- In one episode, a family of Koreans set up housekeeping in the middle of the camp. Henry tries to tell them to leave: "Go-ee home-ee!" Then he asks Radar to tell them to leave. So Radar does: "Go-ee home-ee!"note
- When the Greeks share their Easter celebration with the 4077, all Henry can say is "Happy Athens!", and as they bring the food crates in, Radar tells them "Put'em there-o." (not even "os".) note
- The Saturday Night Live sketch "J-Pop America Fun Time Now!" consists of clueless college students (played by Vanessa Bayer and Taran Killam) attempting to host a Japanese-style variety show/talk show, adding Japanese-sounding suffixes to English words and names, and causing general embarrassment to their Japanese studies professor (Jason Sudeikis), who repeatedly points out that these white kids don't understand Japanese culture at all and are, in fact, the worst students he's ever had in his class.
- In the Red Dwarf episode "Backwards", Lister and the Cat arrive in England on the backwards Earth and believe they have landed in Bulgaria after finding a poster for Kryten and Rimmer as "Eht Lanoitasnes Esrever Srehtorb". They attempt to ask for a lift into town by saying "We're looking for our friends-ski... there's an address-ski here-ski? Maybe you could drop us off-ski."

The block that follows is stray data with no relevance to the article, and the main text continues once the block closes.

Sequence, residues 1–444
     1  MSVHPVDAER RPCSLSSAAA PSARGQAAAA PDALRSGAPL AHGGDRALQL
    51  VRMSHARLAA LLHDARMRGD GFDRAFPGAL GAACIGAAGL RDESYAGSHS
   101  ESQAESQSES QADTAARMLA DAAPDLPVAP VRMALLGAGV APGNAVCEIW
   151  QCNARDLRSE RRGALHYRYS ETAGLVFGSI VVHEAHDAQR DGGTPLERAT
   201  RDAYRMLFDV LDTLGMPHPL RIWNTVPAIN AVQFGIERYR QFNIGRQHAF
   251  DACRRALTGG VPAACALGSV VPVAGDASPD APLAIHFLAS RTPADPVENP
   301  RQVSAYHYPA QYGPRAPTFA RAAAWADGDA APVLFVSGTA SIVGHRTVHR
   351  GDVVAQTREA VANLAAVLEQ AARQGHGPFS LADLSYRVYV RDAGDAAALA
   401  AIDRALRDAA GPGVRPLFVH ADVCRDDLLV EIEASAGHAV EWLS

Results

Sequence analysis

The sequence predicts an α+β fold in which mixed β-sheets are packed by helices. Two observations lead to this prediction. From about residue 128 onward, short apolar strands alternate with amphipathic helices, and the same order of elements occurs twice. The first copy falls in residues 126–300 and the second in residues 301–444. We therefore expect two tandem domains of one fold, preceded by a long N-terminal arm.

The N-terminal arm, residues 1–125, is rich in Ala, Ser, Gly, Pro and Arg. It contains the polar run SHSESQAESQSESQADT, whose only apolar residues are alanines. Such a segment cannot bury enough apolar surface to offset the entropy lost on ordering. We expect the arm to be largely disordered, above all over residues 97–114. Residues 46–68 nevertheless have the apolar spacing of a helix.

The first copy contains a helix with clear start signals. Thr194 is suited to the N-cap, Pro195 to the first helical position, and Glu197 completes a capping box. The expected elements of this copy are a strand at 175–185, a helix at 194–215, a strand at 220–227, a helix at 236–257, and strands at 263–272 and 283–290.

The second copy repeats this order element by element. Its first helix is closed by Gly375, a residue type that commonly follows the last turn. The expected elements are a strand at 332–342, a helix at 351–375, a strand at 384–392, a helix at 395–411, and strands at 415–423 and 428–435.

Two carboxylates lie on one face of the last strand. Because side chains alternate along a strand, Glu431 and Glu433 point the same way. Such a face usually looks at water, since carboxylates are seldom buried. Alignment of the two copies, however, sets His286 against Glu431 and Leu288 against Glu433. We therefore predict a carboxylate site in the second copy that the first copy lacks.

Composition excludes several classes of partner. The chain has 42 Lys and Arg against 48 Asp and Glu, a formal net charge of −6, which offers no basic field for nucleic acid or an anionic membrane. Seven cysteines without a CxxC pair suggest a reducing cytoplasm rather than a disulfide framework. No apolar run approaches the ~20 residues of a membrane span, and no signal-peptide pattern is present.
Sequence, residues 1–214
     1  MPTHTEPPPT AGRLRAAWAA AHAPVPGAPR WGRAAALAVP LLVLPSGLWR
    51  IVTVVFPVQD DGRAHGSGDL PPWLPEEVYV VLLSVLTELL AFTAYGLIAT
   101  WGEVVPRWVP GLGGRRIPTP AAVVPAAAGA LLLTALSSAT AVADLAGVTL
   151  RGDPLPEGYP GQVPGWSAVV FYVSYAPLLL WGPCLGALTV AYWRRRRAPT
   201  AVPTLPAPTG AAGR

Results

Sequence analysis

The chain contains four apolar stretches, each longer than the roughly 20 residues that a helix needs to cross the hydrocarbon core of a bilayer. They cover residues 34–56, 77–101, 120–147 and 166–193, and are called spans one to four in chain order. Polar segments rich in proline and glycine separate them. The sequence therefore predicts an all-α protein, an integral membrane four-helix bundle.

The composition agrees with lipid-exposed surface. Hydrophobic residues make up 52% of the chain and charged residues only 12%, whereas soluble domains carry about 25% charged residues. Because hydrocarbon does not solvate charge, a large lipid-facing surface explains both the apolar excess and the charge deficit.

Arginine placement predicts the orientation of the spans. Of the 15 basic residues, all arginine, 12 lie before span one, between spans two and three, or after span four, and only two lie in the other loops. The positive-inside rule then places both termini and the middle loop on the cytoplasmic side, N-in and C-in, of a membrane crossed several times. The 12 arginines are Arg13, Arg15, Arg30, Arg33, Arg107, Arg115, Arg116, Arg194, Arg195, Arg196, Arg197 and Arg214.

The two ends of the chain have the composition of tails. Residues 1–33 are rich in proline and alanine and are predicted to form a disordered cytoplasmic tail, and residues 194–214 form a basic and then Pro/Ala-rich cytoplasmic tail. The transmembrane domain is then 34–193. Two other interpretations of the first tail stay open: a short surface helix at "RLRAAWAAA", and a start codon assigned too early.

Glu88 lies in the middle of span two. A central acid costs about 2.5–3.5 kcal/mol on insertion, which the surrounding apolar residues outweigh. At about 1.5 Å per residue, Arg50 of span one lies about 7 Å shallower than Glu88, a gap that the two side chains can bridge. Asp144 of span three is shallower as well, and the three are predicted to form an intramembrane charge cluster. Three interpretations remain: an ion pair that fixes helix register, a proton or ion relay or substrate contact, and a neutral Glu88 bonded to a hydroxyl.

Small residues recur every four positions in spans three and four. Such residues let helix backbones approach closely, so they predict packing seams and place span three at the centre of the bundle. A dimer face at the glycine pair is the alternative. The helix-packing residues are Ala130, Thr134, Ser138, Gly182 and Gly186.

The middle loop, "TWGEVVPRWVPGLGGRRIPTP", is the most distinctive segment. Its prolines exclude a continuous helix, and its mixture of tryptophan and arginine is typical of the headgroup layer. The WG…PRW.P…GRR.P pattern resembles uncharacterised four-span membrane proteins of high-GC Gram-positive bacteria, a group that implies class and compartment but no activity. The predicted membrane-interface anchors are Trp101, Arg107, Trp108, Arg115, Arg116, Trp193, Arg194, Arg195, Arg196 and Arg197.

- In Horatio Hornblower, there are two lovely instances of mixing English with French, both courtesy of a sailor named Oldroyd from Horatio's division.
- In "The Even Chance", Oldroyd instructs some French prisoners to come "this-a way-a", putting emphasis on the added syllable at the end, which is characteristic for French. They do actually understand him, but presumably because he was gesturing heavily, rather than because of anything he was saying.
- In "The Frogs and the Lobsters", a French royalist soldier aboard the Indefatigable tries to take an officers' chicken which infuriates the common sailors, and they argue and fight violently with him. Oldroyd offers his most sincere advice: "No steal-ie, savvy! You steal-ie, get chop! plenty!! damn!! vite!!!" The ending is Punctuated! For! Emphasis!.
- One episode of The Suite Life on Deck has Zack impersonate himself as a french artist to make money off of his modern art "paintings". He shushes the audience of his auction by saying:
Zack: Le shh.
- There was an episode of Saved by the Bell in which the Soviet chess champion comes to Bayside High to challenge Screech (and gets checkmated almost immediately). Before the match begins, Mr. Belding reminds the Commie-hating students that "the Russkis are our friendskis." Russki is correct, but what Belding really meant to say was tovarisch.
- On an "Adventures with Bill" segment of The Red Green Show, Red refers to the choke on a lawnmower as the "choké", and says that it's a French word.
- Sharpe has several examples, most of them involving Hagman.
- When trying to get his boots repaired in Portugal:
Hagman: How much to nailee the solee to me bootee?
** When managing French prisoners:Hagman: Alright, Commez-vous here, Frenchie!
- When trying to get his boots repaired in Portugal:
- Todd Rundgren titled his reprise of the song "International Feel" as "Le Feel Internacionale," managing to mash up French, Spanish, and Italian all in a short space.